• The West St. Paul Days organizers gave an update about this year’s events, which are coming in May, including a combined City Hall open house and festival at Harmon Park.
  • Mayor Napier honored former council member and city manager Tom Hoban, who passed away recently with a proclamation for his long list of service to the city.
  • A report on the city’s shared volunteer program highlighted that it’s saved the city $78,000. The program also boasts 470 volunteers in West St. Paul.

Continue reading West St. Paul City Council Recap: March 25, 2019

West St. Paul City Council Recap: March 11, 2019

A relatively quick and uneventful city council meeting tonight in West St. Paul. Here’s the recap:

Food Drive

The South St. Paul vs. West St. Paul food drive beef continues, but it’s all in support of Neighbors Inc. Mayor Dave Napier taunted South St. Paul, saying he just picked up some Henry Sibley Warriors jerseys, ready for the South St. Paul city council to wear when they lose. You can get all the details at WSPFoodDrive.com.

A food local businesses are offering special incentives for bringing in donations, such as a free day pass from the YMCA. You can find the listing on the WSPFoodDrive site.

Survey Results

A survey was conducted at the recent West St. Paul Neighborhood Meetings, along with participation online, and the results are now available (the report also includes results from 2017 and 2018).

One of the most interesting (and obvious) results of the survey is the proportion of people who took it online and their corresponding ages. While the 65 and over crowd was easily the largest age range in all three in-person meetings, three younger age brackets them in the online survey. The online responses even beat the in-person responses in sheer numbers (158 responses online, 147 in person).

Council member Lisa Eng-Sarne encouraged residents to keep contacting the city council, noting that it’s never to late to give input.

Passing of Tom Hoban

Mayor Napier noted the passing Tom Hoban, former West St. Paul city manager (1972-1985) and city council member (1962-1966; 1968). Napier noted that Hoban had been his mentor (“we always met at Perkins”) and taught him how to bring people together.

The funeral is on Thursday, March 14 at St. Stephen’s Lutheran Church. Napier noted that the city would prepare a proclamation at a future council meeting.

New Firefighters

Four new firefighters were welcomed to the South Metro Fire Department. Mayor Napier also gave a heartfelt thanks to retiring Fire Chief Mike Pott, who has served with South Metro (which was the WSP Fire Department before that) for 36 years.

Act on Alzheimer’s Team

Claudia Egelhoff from Act on Alzheimer’s gave a presentation about their group’s effort to help address dementia in West St. Paul. The group started in 2017 when a citizen approached Mayor Jenny Halverson. The community has rallied in response, with participation from nearly every major organization in the city.

  • There’s a brochure making the case for why businesses should care: “70% of people with dementia live at home and shop in their own community.”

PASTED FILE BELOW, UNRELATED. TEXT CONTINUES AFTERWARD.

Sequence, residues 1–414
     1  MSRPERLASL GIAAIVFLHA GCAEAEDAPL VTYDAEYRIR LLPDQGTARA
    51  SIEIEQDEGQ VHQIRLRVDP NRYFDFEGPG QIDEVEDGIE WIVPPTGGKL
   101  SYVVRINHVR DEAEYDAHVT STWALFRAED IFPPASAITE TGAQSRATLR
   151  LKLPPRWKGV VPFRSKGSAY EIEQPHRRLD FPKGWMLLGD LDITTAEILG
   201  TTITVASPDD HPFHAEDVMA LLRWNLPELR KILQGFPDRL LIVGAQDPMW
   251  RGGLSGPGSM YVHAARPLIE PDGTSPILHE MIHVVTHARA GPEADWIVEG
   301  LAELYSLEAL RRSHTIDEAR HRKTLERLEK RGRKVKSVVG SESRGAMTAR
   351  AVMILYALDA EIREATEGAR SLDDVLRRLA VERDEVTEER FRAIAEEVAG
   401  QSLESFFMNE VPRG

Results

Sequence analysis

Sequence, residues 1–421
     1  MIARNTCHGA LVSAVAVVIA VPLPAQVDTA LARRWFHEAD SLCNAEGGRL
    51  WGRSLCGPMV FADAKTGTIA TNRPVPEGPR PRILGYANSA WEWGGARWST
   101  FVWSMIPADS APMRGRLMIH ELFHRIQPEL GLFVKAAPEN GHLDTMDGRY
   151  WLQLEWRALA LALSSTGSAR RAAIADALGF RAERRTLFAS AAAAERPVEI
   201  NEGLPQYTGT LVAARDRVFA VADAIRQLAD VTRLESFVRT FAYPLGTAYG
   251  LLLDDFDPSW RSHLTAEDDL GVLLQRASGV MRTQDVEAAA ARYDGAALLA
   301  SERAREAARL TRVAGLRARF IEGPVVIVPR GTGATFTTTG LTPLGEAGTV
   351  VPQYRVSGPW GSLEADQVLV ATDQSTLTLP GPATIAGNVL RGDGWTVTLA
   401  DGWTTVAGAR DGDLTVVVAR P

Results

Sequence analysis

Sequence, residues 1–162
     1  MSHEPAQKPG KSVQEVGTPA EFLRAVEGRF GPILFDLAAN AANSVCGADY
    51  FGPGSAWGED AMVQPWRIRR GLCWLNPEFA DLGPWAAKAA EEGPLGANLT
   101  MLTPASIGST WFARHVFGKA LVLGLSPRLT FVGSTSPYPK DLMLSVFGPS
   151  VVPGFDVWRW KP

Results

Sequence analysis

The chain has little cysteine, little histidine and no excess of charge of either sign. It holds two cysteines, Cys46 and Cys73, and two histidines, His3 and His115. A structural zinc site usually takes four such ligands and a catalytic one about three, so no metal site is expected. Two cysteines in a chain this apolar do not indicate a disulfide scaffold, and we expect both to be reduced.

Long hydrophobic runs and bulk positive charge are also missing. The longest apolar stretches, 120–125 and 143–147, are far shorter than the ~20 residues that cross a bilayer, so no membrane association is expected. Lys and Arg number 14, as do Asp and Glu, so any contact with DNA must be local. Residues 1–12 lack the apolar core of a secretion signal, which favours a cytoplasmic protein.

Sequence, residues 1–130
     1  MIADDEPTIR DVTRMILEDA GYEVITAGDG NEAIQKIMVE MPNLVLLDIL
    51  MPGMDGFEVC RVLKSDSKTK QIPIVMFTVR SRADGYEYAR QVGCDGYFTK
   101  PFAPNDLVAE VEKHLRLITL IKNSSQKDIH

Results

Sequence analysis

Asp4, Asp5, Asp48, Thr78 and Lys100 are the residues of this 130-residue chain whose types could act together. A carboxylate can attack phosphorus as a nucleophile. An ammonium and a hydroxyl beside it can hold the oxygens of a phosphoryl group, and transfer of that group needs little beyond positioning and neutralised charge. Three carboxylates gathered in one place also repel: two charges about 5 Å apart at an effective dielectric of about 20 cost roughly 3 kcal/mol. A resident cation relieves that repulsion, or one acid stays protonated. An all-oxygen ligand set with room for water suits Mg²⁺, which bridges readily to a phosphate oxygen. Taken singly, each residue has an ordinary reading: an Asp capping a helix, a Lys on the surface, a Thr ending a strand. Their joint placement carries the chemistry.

• The group has accomplished a lot in two years—including raising $2,500 for the Alzheimer’s Association, training 200 community members in West St. Paul, and sending 300 info packets to local businesses.
  • Here’s a list of dementia resources.

Winter Storms Having a Spring Impact

We had record snowfall in February, and we’re starting to see the impacts:

  • Council member John Justen encouraged residents to shovel out any blocked storm drains to alleviate the flooding that’s bound to come this week with rising temperatures and—that’s right—rain.
  • Council member Dick Vitelli noted that the city is nearly out of salt and will be using a mixture of sand and salt from here on out. So if you see a lot of sand out on the roads, that’s why.

Livingston Street Improvements

The city council awarded a bid for the reconstruction of Livingstone Avenue from Mendota to Wentworth. The bid came in nearly $1 million $550,000 lower than the estimate, so that’s some good news.

Temporary No Parking

At a recent city council meeting a resident suggested during citizen comments that the city should allow for temporary no parking zones. They gave the example of moving and needing to park a moving truck in front of their house and wanting to save that parking spot. Having dumpster delivered is another common example—what do you do if cars are parked in front of your house and there’s no where to put the dumpster?

The city had an ordinance to allow for that dumpster, but nothing to ensure that cars weren’t parking there when it was delivered.

The idea also expanded to allow for temporary parking for special events in areas where parking isn’t permitted.

Overall it’s good to see the city responding to citizen suggestions. Mayor Napier encouraged citizens to read over the new ordinance (plain English explanation and the actual ordinance) and give the council feedback. This was a first reading of the proposed ordinance. Next will be a second reading and a public hearing.

Celebrating 2 Women on the West St. Paul City Council

2019 saw some milestones in the West St. Paul city council. Townsquare TV took notice:

Women Of Ward 3

Meet two councilmembers who made history in West St. Paul.

Posted by Town Square Television on Thursday, February 21, 2019

Continue reading Celebrating 2 Women on the West St. Paul City Council

A work-at-home dad wrestles with faith, social justice & story.